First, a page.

United Kingdom Three Choirs Festival (9) – Gurney, Matthew Martin, Finzi: Marcus Farnsworth (baritone), James Baillieu (piano), St Barnabas’ Church, Tuffley, Gloucester, 27.7.2016. (RJ)
Gurney: Lights Out (poems by Edward Thomas)
Matthew Martin: Sonnets of Petrarch (premiere)
Finzi: Earth and Air and Rain (poems by Thomas Hardy)
This recital bore the snappy title Gloucester Lads, which was a trifle misleading. Ivor Gurney, of course, was very much a Gloucester lad, born and bred in the city, and Matthew Martin hails from nearby Cheltenham. But Finzi was a Londoner who came to live in the county and was a regular visitor to the Three Choirs Festival. The writer/poet Edward Thomas also came from the metropolis in the years before World War I to settled in Dymock.
Poems by Thomas were the inspiration for the song cycle Lights Out composed during 1919, one of Gurney’s most creative periods. Marcus Farnsworth succeeded well in expressing the sense of chill and sadness in the first song, The Penny Whistle, which was followed by Scents, evocative and comforting, though tinged with the sadness of a robin singing in the winter. Bright Clouds was a more carefree affair with a flowing piano accompaniment from James Baillieu which was superseded by the reflective Lights Out – “I have come to the borders of sleep, the unfathomable deep forest where all must lose their way”. Will you come? has a sense of urgency in which the singer implores his beloved to be at his side and the cycle ends with a more robust song, The Trumpet, which celebrates the dawn and calls on people to put the night behind them and prepare for new challenges.
Marcus Farnsworth has been making waves in the musical world since winning the 2009 Wigmore Hall International Song Competition and the Song Prize in the 2011 Kathleen Ferrier Competition. He has also made some useful friends along the way, such as the composer Matthew Martin whose setting of three Sonnets by Petrarch he premiered at this recital. The central theme is the poet’s love for Laura, and the first of the three A pie’ de’ colli ove la bella vesta had a brooding, serious tone which becomes darker as the poet reflects that the only solace is death. Piovanmi amare lagrima dal viso begins with some striking chords on the piano and is more operatic in scope expressing anguish and suffering. In the final sonnet Occhi miei lassi, mentre ch’io vi giro one can hear the tears dropping in the piano accompaniment and the poem ends wistfully and calmly with the words “take to the end now brief comfort from such long suffering”. This was an intelligent, sensitive first performance from Farnsworth and Baillieu which reached to the very soul of the well-crafted work.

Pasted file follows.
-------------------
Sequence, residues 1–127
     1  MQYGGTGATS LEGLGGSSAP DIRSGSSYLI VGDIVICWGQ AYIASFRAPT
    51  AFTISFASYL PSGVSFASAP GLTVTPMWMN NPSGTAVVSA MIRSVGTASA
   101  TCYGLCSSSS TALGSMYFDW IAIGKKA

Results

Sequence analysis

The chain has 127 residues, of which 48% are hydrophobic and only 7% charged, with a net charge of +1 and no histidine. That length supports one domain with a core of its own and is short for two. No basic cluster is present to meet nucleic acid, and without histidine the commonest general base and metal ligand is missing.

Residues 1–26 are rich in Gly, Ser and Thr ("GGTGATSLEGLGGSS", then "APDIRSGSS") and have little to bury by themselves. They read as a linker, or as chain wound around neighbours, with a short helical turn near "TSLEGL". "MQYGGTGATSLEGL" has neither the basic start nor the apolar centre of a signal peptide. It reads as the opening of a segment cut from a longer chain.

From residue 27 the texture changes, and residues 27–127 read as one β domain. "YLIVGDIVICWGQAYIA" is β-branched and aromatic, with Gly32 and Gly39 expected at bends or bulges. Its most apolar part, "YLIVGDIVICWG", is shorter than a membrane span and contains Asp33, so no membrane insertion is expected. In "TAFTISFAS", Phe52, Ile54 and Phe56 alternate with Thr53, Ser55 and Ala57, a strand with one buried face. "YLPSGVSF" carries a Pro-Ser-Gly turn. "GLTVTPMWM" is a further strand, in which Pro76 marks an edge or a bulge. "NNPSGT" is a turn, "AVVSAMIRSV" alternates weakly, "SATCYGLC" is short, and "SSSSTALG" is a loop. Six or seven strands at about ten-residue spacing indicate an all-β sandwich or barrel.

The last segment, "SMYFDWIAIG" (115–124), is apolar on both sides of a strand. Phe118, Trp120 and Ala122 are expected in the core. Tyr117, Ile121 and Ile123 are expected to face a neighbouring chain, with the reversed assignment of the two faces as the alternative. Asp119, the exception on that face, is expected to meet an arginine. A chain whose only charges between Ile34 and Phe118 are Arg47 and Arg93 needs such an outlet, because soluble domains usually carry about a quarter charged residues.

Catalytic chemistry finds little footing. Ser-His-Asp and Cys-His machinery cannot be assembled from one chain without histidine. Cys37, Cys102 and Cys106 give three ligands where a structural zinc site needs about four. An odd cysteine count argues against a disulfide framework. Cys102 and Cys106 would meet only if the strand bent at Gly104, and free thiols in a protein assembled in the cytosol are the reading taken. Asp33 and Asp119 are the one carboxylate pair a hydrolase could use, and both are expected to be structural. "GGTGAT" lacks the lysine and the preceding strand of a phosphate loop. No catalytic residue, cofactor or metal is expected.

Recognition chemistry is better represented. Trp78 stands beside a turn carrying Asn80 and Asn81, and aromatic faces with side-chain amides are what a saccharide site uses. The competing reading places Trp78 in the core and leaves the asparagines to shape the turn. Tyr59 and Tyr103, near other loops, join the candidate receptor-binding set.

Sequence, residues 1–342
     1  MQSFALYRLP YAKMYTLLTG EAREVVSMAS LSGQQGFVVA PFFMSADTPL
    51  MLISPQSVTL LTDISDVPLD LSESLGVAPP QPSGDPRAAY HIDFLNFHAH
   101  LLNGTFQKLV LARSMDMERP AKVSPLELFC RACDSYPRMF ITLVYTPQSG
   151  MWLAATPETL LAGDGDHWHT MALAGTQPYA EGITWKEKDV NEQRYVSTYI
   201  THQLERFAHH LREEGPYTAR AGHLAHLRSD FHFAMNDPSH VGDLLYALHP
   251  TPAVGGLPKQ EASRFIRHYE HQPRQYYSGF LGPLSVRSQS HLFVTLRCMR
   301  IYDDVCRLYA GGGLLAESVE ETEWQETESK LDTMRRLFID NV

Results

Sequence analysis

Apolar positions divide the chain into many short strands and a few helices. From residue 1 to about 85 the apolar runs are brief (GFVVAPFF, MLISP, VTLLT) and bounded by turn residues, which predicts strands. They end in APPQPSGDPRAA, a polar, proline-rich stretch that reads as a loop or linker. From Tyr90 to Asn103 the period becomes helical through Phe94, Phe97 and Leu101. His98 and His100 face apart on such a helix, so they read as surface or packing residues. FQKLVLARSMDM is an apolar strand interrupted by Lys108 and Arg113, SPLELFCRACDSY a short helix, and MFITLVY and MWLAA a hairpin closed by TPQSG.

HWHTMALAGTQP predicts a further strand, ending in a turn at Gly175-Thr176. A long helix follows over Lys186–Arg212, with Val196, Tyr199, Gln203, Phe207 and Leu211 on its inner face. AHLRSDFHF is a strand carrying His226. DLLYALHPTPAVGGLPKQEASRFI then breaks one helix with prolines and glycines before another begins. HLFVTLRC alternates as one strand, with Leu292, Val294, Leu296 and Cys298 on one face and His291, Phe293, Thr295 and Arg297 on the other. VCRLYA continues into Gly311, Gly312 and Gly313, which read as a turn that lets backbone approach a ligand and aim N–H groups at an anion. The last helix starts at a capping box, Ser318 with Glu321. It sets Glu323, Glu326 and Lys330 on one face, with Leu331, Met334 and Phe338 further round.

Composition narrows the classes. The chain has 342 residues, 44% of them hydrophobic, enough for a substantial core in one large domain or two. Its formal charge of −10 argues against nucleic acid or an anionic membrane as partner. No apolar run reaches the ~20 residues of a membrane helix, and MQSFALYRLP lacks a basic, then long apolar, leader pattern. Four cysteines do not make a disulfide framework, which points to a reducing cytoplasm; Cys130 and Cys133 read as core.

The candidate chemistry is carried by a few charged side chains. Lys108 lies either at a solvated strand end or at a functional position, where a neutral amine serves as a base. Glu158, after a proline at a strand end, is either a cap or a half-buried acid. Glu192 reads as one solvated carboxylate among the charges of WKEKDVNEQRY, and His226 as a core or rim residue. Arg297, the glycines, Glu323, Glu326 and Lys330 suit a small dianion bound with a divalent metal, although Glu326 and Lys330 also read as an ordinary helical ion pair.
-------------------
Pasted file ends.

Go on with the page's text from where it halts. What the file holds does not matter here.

Finzi’s Earth and Air and Rain, settings of poems by Thomas Hardy, completed the programme. Marcus Farnsworth began with the genial Summer Schemes, and then put some spring in his step for When I set out for Lyonesse. A high sense of mystery was created in The Phantom Horsewoman with its strong ending, while the bouncy Rollicum-Rorum injected fun into the proceedings. In To Lisbie Browne the problem of unrequited love was starkly expressed, and there was high drama in The Clock of the Years, sometimes regarded as a mini-cantata. The cycle ends in philosophical mood with In a churchyard and Proud Songsters, as the poet reflects that the singing bird were once but particles of grain, earth, air and rain.
This was a fine performance by a well matched and talented pair of musicians which gave the audience plenty of thoughts to ponder on.